Some days or years you’ll take exquisite care of it, hopefully more days and years than you don’t.

Some days you won’t recognize it.

Some days you’ll delight in it.

Some days it will disappoint you.

But no matter what you do with your body or what happens to your body, until you die, it will always be there. Here. Living your life.

Your body is not a project. Not a Barbie doll in the making. Not an object to be perfected.

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  1. Laura Mulvey’s 1975 essay “Visual Pleasure and Narrative Cinema” coined the phrase “the male gaze.” If you aren’t familiar with the concept, you are familiar with its enactment. In cinema, women are the objects rather than the possessors of the gaze. It’s not 1975 anymore. Perhaps ‘the male gaze” is simply the ever-present “gaze.”  ↩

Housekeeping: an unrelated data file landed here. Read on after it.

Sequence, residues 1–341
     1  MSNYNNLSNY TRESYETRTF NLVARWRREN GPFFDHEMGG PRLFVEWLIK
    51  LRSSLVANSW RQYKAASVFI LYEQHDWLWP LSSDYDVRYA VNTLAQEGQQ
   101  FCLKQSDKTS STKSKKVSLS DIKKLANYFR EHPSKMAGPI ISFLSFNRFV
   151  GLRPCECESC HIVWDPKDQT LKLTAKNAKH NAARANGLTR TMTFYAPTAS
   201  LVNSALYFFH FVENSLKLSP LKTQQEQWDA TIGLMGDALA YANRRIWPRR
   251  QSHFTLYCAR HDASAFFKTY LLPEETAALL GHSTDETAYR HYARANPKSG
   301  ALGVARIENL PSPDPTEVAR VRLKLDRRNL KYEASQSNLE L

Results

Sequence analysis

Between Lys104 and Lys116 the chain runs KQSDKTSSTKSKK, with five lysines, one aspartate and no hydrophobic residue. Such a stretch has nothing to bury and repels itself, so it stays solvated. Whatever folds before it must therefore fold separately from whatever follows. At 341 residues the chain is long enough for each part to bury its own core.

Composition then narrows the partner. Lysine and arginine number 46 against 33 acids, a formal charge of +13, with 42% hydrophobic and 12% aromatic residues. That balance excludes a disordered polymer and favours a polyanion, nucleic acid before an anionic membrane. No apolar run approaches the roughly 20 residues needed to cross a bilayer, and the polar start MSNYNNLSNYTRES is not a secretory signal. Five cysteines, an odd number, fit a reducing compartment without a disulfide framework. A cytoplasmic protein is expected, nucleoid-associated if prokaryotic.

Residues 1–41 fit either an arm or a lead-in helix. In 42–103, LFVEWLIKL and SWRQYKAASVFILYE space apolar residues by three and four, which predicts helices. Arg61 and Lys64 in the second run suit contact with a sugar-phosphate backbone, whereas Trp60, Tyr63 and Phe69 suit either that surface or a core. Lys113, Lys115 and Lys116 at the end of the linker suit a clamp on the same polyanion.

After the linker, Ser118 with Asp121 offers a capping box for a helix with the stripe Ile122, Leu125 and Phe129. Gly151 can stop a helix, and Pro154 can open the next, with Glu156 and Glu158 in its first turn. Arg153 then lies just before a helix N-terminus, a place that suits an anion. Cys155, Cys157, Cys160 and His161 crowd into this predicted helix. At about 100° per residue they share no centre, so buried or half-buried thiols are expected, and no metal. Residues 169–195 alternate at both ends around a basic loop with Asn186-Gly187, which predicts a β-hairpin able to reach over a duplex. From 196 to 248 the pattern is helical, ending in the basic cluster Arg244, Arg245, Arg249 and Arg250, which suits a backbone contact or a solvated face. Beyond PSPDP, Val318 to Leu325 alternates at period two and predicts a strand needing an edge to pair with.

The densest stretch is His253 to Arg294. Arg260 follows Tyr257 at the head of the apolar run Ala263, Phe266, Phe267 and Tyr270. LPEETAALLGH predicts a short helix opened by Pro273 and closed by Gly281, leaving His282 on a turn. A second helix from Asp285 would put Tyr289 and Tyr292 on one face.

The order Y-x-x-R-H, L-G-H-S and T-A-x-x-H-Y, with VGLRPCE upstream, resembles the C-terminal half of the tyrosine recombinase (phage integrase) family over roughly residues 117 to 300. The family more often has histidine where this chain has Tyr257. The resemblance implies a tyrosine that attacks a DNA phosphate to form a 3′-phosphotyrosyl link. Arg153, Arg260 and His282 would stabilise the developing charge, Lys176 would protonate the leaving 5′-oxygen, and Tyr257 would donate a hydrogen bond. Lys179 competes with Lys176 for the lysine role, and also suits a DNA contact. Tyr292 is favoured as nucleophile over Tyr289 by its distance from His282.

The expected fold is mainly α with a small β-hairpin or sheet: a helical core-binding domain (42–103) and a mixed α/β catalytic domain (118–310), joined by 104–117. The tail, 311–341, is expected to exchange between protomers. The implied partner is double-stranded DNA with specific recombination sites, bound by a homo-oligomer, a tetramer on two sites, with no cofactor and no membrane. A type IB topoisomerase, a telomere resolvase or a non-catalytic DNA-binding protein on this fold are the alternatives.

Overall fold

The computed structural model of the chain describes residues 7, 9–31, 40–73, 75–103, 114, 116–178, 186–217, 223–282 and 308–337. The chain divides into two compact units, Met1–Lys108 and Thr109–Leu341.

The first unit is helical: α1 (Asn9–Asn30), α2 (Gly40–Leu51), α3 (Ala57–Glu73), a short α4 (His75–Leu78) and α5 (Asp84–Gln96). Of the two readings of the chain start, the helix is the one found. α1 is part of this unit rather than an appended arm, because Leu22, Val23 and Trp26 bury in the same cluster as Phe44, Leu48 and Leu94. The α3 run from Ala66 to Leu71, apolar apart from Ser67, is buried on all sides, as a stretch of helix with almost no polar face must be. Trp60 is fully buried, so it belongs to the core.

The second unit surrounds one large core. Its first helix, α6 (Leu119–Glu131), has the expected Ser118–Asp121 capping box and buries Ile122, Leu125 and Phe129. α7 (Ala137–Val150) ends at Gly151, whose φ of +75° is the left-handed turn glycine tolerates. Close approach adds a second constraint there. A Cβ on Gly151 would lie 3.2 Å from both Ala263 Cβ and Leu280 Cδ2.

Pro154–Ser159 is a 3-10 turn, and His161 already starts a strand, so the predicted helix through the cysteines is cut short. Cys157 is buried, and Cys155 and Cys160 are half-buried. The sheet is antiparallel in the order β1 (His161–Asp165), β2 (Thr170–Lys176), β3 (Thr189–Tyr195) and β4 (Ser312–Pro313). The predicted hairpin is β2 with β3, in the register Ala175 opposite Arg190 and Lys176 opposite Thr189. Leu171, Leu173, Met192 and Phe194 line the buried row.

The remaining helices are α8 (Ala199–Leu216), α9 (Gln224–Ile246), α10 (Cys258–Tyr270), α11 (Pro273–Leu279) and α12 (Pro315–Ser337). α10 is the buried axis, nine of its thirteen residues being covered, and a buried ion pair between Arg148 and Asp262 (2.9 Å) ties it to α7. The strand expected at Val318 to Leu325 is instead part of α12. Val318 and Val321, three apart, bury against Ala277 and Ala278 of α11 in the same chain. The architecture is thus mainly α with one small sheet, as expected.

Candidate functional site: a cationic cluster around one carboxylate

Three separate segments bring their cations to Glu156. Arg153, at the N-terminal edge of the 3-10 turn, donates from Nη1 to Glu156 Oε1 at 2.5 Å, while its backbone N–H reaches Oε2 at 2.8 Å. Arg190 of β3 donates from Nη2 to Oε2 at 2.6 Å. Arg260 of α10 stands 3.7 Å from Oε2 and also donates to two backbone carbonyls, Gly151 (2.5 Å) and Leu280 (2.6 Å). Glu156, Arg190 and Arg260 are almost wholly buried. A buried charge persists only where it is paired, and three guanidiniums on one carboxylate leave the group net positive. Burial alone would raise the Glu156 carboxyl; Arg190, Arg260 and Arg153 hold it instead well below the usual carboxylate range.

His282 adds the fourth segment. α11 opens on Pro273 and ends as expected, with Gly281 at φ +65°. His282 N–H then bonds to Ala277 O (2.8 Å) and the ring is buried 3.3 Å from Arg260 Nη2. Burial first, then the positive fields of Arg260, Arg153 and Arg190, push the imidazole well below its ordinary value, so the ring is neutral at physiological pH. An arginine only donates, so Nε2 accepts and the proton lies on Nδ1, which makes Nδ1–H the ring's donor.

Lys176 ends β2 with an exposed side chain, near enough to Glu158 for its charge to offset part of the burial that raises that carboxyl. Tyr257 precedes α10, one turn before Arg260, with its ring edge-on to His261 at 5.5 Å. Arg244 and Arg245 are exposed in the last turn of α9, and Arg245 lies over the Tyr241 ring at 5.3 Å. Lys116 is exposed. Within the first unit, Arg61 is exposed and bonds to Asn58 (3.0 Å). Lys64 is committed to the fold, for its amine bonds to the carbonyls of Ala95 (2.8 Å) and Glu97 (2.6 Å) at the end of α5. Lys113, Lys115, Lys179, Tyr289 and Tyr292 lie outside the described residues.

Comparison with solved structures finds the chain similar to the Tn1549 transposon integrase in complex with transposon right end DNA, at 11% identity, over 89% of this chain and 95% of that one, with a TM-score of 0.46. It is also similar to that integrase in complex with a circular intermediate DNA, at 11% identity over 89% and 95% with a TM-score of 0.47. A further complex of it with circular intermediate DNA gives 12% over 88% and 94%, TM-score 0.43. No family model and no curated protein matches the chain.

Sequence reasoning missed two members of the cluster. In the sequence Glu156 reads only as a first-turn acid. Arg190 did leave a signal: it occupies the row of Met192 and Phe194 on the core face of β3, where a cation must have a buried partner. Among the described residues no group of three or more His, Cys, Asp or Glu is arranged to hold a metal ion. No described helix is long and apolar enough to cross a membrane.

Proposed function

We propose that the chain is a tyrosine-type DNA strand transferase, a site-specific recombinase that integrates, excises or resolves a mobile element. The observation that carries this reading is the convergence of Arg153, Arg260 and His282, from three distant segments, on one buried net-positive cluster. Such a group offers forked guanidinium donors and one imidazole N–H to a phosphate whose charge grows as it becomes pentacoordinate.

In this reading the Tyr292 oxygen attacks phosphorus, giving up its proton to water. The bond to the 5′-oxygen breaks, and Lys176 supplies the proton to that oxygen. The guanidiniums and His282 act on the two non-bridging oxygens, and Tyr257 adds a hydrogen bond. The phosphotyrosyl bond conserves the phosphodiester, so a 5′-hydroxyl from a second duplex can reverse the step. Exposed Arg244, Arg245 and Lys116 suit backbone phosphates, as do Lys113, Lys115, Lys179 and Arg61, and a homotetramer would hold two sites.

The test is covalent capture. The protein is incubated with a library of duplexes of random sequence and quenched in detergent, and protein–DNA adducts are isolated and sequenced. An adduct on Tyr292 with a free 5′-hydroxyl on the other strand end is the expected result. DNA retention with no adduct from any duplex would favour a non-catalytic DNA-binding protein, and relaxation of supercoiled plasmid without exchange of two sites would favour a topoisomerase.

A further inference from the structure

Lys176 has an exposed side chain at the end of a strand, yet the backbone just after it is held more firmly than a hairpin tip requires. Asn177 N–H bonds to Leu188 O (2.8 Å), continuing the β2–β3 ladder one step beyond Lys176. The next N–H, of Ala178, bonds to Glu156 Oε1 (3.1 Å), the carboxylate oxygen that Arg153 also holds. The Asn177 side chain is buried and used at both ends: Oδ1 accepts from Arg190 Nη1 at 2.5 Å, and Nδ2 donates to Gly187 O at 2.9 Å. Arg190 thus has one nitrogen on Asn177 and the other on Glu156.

2. The only thing worse than reading post-modernists is reading academics write about postmodernists. For example, let this flow off your tongue: “To put it in general terms, because it encounters an uncomfortable resistance, a conscious look that is directed outwards transforms into a self- consciousness that returns to its agent as anxiety in relation to the scrutiny of an externalized anonymous Other. Lacan refers to the latter scrutiny, but also to the object that is its source as ‘the gaze.’” That’s from “The Politics of the Gaze”.  ↩ Holy prepositional phrase! Or, should I say, in regards to the prepositional phrase, this description of Lacan’s definition of the externalized Other as it relates to the Gaze reflects the anxiety induced within women who watch their own postpartum bodies being watched by the public’s gaze that itself reflects a kind of ownership and fascination with the female form? Ack! Sorry, I coughed up a mumbo jumbo hairball.